As we enter a new decade in the world of work, here are six trends HR leaders should keep in mind.
1. Pay equity and transparency will remain a priority.
Analyzing pay records for gender pay gaps and pay inequities is becoming standard practice, with remediation efforts not far behind, according to results from the Pay Equity Practices and Priorities Survey by WorldatWork, an association of total rewards professionals.
"Pay equity is one of the single fastest-growing topics the HR profession has seen in decades," said Scott Cawood, CEO of WorldatWork. "It's not just about salary, though. Organizations are expanding their understanding of areas where potential bias or gaps may exist," including hiring and promotion.
Based on responses from 1,872 HR professionals to a July 2019 Korn Ferry survey, three quarters of employers say transparency on pay and rewards will become even more important in the coming year. "In the coming year, we will see an even greater focus on transparency, agility, culture and purpose-driven leadership," said Byrne Mulrooney, who leads Korn Ferry's professional search and recruitment process outsourcing operations.
2. Personalization of benefits is paramount.
"Companies need to offer benefits that meet the needs of today's diverse, multigenerational workforce and bring real value to their lives," said Jeff Oldham, senior vice president of BenefitsPlace at Benefitfocus, a cloud-based benefits management platform firm.
Presenting a broader array of options that address employees' needs during all stages of life is becoming critical, he said. "Progressive employers are beginning to understand this and have begun to offer a spectrum of options across not only traditional health care, but also financial and lifestyle categories. These are the employers that will be most competitive moving forward."
More companies are helping workers pay back their student loans. The Society for Human Resource Management's 2019 Employee Benefits survey, which polled 2,763 HR specialists, found that 8 percent of respondents worked at organizations that offer tuition-repayment benefits, up from 4 percent in 2018.
Employers will offer more benefits and initiatives to support employees at all stages of their mental-health and well-being journey, said Brian Marcotte, president and CEO of the nonprofit National Business Group on Health (NBGH), which represents large employers.
3. Continuous and customized learning will support upskilling and reskilling.
Personalized learning will boom in 2020, thanks to the ability of artificial intelligence (AI) and machine learning to assess a learner's needs and offer customized learning content, predicted Celeste Martinell, vice president of customer success at BenchPrep.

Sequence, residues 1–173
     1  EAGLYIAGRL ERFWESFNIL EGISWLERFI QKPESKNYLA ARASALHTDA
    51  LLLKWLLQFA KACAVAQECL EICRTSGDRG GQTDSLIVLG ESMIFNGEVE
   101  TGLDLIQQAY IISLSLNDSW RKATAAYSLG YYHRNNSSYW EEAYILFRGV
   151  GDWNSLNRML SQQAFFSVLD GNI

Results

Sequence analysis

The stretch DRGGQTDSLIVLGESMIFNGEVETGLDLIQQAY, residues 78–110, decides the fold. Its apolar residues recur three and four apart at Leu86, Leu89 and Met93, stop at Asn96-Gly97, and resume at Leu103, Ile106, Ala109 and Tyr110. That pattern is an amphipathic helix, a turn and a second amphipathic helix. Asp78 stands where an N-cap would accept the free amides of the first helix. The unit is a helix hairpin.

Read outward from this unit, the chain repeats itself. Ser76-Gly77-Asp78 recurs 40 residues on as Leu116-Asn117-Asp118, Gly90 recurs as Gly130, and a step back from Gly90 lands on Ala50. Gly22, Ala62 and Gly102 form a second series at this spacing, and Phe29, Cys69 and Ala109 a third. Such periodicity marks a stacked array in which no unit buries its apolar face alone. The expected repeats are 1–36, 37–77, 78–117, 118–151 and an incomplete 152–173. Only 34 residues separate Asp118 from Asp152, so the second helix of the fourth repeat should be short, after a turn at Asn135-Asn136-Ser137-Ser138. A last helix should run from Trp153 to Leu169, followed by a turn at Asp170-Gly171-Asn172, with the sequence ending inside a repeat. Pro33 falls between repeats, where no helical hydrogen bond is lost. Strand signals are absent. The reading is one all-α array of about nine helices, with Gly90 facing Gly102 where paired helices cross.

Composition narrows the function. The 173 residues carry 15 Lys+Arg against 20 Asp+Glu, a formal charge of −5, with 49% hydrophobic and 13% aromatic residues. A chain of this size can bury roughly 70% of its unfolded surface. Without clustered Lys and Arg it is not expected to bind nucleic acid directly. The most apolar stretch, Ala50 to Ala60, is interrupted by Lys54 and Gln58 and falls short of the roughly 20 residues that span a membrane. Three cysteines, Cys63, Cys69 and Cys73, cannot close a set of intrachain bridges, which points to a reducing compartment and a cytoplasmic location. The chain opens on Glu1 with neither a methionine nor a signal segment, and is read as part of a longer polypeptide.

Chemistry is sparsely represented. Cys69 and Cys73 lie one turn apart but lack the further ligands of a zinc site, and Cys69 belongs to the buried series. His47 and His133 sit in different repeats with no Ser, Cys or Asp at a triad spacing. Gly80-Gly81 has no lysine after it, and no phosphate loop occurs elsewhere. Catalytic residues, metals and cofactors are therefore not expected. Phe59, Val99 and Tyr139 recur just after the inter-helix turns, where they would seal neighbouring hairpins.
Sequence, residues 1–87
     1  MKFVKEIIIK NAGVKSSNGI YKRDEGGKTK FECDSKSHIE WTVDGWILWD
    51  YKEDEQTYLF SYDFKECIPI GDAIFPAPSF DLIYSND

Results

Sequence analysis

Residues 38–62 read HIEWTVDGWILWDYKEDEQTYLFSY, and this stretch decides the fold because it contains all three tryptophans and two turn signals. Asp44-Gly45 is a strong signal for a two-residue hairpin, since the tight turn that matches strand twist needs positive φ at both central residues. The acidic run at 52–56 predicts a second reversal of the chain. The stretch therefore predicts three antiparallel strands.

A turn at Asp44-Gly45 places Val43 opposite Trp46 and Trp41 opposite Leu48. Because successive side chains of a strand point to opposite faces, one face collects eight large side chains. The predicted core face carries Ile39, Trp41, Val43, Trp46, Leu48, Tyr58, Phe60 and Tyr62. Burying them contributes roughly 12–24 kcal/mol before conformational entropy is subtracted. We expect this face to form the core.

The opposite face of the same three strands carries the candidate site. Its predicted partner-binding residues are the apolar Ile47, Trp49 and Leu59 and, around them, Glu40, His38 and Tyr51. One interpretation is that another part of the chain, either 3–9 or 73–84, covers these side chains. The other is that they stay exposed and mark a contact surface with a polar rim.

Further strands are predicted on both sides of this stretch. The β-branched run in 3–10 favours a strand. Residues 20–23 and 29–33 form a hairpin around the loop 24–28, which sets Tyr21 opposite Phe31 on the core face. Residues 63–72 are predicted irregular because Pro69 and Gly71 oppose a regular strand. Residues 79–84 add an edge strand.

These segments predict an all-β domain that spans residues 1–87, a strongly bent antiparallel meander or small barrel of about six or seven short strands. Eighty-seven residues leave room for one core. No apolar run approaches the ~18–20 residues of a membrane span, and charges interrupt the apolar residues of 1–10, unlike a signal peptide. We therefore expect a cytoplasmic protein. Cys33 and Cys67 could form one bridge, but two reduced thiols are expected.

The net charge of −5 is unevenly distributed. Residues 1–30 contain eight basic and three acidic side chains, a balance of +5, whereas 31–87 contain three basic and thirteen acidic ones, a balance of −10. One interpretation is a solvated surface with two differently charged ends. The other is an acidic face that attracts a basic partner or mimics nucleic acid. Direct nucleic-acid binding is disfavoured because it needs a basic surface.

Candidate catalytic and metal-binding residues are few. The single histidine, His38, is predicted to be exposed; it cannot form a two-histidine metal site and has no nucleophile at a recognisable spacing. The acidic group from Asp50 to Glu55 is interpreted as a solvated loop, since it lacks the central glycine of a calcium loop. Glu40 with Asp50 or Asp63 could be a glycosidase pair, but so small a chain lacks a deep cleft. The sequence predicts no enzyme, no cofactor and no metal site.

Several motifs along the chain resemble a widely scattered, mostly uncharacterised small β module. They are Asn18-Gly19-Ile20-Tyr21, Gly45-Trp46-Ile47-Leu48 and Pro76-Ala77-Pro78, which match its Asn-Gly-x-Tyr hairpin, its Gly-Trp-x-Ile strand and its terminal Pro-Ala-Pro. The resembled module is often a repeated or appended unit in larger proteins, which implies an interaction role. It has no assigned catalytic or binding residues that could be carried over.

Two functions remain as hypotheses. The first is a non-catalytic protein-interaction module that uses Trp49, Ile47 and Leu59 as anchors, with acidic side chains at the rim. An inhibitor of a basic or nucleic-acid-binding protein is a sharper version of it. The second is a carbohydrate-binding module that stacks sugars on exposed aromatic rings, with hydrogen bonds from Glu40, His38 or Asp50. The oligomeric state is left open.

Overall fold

And Atlanta-based Randstad U.S. identified upskilling as an urgent employee demand and a trend it expects will shape the world of work in 2020. Companies must address the expectations that Millennials and members of Generation Z have about learning and growth on the job, it said, and develop meaningful training programs not only for skills critical to business now, but also for those that will matter in the future.
"In today's fast-paced society, it's important for professionals to keep their skills up-to-date," said Joe Miller, vice president of learning design and strategy at BenchPrep.
Employers will put time and resources into developing different training programs or implementing upskilling initiatives in 2020 to retain employees and grow internal talent for jobs of the future, according to Jodi Chavez, group president, Randstad professional staffing group.
An increased emphasis on behavioral skills—also known as power skills or soft skills—will become a top priority for companies to address in 2020, said Will Foussier, CEO and co-founder of AceUp, a Boston-based talent management platform offering personalized executive coaching. He pointed to an IBM report that showed behavioral skills dominate the list of core competencies that global executives seek in employees, supplanting technical skills for the first time.
4. AI implementation continues—slowly.
HR will continue to deploy technologies with embedded AI and machine learning as those tools mature and pass more real-world tests. Stacey Harris, vice president of research and analytics for Sierra-Cedar, believes that in the next 10 years, up to 50 percent of organizations will have HR technology that provides daily recommendations and workforce insights based on AI and machine learning.